Living in a post 9/11 world, with the increased media attention that groups like al_Qaida and ISIS have received over the past decade, certain terms of expression have become part of our collective vocabulary. It may be said that the word that has gained the most traction is “terrorist.”
Combating terrorists has not only become an aspect of national foreign policy, it has also crept its way into federal and state laws.
The basis of a terroristic threat is that the accused issues a threat of violence against another with the intention to terrorize the victim. An example of this type of conduct would be a bomb threat. The caller phones in to a building and makes a threat to blow it up. The building is evacuated and the people inside are at the very least inconvenienced.
The crime of making a terroristic threat addresses the fear that the evacuated people would inevitably experience believing that they may be killed in an explosion. The person making the bomb threat has exhibited a reckless disregard for the terror he or she has imposed on the victims. The chaos that would surely ensue from such a terroristic threat may even cause injury in the panic to escape.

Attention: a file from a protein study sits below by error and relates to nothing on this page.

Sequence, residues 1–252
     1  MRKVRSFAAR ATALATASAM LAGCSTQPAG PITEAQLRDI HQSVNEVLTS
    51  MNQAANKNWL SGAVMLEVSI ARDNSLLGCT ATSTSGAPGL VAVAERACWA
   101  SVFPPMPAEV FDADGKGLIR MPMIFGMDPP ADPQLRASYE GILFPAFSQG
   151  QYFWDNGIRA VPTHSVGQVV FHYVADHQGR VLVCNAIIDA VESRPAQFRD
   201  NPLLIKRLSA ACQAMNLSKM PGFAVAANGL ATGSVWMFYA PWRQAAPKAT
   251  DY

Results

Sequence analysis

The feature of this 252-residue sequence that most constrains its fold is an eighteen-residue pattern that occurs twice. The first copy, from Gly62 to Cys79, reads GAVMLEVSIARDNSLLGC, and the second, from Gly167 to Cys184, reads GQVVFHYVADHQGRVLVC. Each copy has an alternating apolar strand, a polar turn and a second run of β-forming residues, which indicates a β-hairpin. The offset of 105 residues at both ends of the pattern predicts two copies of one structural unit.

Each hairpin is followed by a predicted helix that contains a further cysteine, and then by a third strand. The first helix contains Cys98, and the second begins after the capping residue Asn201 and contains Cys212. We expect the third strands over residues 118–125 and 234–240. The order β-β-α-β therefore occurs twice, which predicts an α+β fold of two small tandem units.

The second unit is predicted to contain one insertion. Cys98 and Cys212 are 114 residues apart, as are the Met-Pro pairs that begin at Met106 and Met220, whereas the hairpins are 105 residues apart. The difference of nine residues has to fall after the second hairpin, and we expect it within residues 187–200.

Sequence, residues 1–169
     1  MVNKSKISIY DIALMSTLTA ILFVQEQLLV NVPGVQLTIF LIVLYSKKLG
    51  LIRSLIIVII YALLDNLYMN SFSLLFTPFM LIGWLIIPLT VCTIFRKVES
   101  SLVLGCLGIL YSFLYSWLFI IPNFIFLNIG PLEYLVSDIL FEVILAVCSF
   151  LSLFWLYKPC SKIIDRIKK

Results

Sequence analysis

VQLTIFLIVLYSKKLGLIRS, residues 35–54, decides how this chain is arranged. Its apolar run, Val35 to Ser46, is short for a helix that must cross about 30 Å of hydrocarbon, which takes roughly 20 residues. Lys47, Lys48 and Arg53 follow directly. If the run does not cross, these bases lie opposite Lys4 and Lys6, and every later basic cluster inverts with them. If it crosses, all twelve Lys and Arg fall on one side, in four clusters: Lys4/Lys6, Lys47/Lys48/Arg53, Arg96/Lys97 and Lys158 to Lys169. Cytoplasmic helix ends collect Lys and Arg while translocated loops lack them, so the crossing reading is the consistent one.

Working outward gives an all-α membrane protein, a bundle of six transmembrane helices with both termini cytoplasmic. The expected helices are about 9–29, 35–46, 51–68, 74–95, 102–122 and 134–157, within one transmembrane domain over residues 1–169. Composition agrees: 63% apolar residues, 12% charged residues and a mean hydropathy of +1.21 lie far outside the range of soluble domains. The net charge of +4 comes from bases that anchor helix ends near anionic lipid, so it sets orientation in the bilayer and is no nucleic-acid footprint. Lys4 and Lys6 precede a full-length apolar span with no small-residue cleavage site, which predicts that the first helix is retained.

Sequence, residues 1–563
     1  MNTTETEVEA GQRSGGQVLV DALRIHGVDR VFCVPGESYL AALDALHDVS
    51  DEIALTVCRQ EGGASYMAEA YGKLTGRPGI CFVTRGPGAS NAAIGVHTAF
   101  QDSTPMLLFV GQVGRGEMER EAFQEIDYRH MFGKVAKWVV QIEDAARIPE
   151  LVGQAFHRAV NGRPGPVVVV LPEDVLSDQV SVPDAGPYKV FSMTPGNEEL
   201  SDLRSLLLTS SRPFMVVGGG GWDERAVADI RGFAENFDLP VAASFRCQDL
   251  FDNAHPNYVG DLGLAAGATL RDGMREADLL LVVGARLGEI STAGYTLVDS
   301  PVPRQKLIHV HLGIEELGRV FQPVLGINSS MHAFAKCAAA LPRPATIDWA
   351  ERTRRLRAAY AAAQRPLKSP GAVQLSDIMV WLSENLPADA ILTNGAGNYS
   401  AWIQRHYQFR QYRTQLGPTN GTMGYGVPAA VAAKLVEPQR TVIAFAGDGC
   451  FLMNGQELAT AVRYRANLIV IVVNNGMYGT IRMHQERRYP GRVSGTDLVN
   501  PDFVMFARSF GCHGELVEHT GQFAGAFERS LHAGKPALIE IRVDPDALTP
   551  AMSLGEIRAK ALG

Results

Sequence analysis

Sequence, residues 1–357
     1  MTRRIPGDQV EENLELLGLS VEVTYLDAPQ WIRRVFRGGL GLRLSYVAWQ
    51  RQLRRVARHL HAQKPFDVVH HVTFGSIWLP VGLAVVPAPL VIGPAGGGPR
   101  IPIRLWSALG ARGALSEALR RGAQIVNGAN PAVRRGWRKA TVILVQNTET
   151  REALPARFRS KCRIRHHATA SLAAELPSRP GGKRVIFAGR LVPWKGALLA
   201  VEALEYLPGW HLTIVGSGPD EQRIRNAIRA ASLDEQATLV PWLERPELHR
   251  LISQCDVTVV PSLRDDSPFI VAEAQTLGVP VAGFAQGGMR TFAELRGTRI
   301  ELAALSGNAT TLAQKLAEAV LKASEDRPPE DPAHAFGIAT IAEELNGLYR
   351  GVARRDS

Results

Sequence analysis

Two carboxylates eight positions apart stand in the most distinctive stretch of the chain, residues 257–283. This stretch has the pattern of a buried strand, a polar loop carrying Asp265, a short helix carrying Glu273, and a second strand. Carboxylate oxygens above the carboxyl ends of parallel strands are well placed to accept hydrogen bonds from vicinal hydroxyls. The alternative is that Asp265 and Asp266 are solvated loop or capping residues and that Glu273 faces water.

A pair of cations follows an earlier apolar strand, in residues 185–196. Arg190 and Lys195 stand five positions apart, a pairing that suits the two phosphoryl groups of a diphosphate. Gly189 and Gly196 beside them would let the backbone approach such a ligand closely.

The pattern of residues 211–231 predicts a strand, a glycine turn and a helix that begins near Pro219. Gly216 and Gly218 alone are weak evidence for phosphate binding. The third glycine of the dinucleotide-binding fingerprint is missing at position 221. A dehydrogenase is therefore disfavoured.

The law concerning terroristic threats is one makes criminal expressions about committing an act and not the act itself, and can be challenging to defend against. This post only addresses the topic at a high level, and should not be construed as a comprehensive examination of the law. If you are facing a criminal charge for making a terroristic threat, consulting a lawyer as soon as possible is beneficial to setting up a strong defense.